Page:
***SPOILER ALERT – I DISCUSS HOW PARANORMAL ACTIVITY ENDS, SO DO NOT READ IF YOU WANT TO SEE THE MOVIE FRESH***
The recent ubersuccessful Paranormal Activity may call to mind The Blair Witch Project, a similar film in form and conceit, but Paranormal Activity also owes much to the supernatural films of the past: in Rosemary’s Baby, The Exorcist, and a slew of other films, women find their bodies inhabited by spirits, demons, and devil babies.
Paranormal Activity begins with Micah, a young day trader, introducing his live-in girlfriend, Katie, to a brand-new camera purchased for documenting the mysterious goings-on that she feels have plagued her since childhood but have recently worsened. Katie describes seeing a ghostly figure in her room at night and feeling an eerie presence next to her. These occurrences only increase in frequency as the film progresses, with Micah’s efforts to understand the spirit seemingly provoking it into more alarming actions (a Ouija board, for instance, spontaneously bursts into flames). As an audience member, the couple’s descent into the clutches of the demon feels inevitable and it comes as no surprise when the possessed Katie hurls a lifeless Micah into the camera and leans out of the frame to consume him. (See the very bootleggy version below)
Katie’s possession correlates with those of other unfortunate anti-heroines: Rosemary, Regan, and Linda of Witchboard, all find their bodies subsumed by otherworldly spirits. As this list suggests, “women in general are figured as more open to the supernatural,” according to Carol Clover. Regarding Rosemary’s Baby in particular, Clover writes that “possession comes about because, as a female, [Rosemary] is naturally enterable,” making her more vulnerable to the forces without to come within. It’s this openness to possession that enables the feminine transformation into abject monstrosity, Barbara Creed suggests in her own work. These dynamics clearly come into play in Paranormal Activity, reminding us that in spite of its postmodern aesthetics, it remains very much tied to generic constructions of gender that predate pseudodocumentary horror.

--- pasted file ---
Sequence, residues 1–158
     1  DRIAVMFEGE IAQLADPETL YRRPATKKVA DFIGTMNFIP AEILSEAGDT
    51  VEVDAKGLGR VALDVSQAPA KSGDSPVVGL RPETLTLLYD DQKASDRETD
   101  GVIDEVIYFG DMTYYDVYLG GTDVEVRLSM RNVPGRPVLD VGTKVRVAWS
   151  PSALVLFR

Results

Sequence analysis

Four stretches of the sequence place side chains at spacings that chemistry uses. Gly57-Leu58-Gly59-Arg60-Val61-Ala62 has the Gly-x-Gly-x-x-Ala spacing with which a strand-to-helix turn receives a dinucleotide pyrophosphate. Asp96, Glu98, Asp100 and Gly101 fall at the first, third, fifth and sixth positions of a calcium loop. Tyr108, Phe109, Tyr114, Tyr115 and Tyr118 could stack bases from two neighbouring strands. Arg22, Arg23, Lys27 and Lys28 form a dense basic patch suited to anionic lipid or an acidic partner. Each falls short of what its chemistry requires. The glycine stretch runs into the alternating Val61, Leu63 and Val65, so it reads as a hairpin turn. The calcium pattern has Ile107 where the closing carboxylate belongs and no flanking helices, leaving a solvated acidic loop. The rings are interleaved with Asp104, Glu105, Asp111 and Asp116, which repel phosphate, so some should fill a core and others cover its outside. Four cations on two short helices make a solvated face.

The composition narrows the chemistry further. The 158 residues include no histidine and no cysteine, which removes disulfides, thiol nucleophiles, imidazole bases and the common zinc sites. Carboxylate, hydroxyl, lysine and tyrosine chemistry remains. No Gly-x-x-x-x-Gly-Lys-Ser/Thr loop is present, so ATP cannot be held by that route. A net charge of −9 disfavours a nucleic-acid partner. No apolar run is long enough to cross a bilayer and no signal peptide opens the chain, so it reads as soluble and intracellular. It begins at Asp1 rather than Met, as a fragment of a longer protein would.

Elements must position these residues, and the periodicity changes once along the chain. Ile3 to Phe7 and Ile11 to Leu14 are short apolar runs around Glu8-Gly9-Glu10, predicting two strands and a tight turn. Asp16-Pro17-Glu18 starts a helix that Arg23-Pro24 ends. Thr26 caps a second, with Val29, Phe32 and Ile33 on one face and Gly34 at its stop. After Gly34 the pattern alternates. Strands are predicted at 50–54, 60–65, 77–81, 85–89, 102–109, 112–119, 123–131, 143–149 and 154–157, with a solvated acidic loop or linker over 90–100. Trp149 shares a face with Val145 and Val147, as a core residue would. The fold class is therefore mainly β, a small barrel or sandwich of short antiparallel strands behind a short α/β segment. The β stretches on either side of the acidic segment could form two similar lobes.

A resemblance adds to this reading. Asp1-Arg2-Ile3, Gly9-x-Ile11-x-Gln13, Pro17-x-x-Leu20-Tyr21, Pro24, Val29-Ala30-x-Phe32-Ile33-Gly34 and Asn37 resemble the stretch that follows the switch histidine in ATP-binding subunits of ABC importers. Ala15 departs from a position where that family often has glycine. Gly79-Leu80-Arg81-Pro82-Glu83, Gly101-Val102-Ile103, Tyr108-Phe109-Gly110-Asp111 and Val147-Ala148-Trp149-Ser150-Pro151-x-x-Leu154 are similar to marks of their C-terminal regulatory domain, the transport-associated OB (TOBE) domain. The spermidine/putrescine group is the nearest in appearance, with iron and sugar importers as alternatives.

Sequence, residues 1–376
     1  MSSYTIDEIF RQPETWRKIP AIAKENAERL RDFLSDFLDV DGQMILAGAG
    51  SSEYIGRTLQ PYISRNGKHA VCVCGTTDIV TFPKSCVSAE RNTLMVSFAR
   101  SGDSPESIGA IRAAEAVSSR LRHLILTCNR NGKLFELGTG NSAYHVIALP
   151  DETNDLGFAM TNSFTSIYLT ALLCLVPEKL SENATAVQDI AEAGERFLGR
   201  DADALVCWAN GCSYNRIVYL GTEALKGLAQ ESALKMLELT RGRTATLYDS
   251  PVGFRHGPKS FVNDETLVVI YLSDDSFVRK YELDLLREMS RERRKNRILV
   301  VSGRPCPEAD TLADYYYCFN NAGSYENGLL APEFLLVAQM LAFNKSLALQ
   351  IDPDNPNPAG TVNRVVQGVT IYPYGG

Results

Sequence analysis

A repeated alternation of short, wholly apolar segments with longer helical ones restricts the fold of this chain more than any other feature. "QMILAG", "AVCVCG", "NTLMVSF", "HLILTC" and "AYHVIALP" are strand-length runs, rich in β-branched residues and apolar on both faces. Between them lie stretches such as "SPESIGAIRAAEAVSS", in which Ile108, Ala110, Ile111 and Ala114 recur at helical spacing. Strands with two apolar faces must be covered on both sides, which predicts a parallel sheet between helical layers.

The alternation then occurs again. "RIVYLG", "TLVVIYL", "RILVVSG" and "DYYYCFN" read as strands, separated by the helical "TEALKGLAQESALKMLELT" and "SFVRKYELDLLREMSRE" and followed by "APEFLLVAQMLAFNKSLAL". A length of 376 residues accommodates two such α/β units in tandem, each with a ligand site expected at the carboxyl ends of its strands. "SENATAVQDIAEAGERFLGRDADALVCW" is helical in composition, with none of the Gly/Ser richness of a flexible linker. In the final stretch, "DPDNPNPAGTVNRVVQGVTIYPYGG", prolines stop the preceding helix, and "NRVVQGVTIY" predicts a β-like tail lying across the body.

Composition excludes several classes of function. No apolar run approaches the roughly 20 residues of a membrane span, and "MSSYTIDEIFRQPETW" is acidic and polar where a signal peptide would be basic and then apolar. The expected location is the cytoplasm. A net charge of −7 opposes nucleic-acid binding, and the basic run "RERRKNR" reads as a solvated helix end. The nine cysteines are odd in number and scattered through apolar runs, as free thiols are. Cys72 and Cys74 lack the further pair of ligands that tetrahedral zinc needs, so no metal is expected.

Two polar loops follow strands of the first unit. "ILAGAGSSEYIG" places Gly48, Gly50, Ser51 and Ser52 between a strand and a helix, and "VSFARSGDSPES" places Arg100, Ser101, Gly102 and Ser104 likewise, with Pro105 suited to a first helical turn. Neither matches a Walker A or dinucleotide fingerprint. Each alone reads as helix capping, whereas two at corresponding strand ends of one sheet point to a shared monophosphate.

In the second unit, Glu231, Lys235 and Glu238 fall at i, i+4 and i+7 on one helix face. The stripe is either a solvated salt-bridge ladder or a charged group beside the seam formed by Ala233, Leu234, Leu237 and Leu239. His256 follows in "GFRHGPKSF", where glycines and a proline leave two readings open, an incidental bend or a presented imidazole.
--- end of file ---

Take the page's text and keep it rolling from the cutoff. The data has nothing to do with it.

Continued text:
Still, Paranormal Activity is as much about the trappings of masculinity in post-9/11 pre-recession America as it is about feminine vulnerability. We learn through exposition that Katie’s haunting began as a child and only recently became a major problem after moving in with Micah. It seems that Micah’s insistence upon solving the problem himself only exacerbates the situation. Throughout the film, you get the sense that Micah derives a peculiar pleasure from the situation. He comments positively about the footage obtained and relishes the opportunity to confront the spirit when it rears its ugly head. Katie regularly reminds him that the situation is not to be made light of, yet she humors Micah and is complacent as a result.
While similar dynamics occur in Rosemary’s Baby, it seems that narratives such as these generally involve the lone or compromised woman being possessed. The Witchboard trailer below emphasizes the necessity of isolation with the narrator declaring “Don’t play it alone”:
Carnival of Souls, a b-horror film from the sixties, similarly plays upon the single, isolated woman as a target for haunting by ghosts, paralleled by the noisome presence of a single man pestering her for dates. Even Regan, the young girl haunted in The Exorcist, lacks a fatherly presence that must be corrected through the intervention of priests.
While all of these films are problematic in their emphasis on the feminine as vulnerable, I admire the approach of Paranormal Activity and Rosemary’s Baby. Both films suggest that the woman who relies too heavily upon her male partner may be more vulnerable than her single counterpart. As a result, both masculinity and ideals of romantic love and coupledom become sites for critique. The “possessed” woman, then, is not only haunted by the demons that antagonize her but by the man who enables the demon’s entry into her life.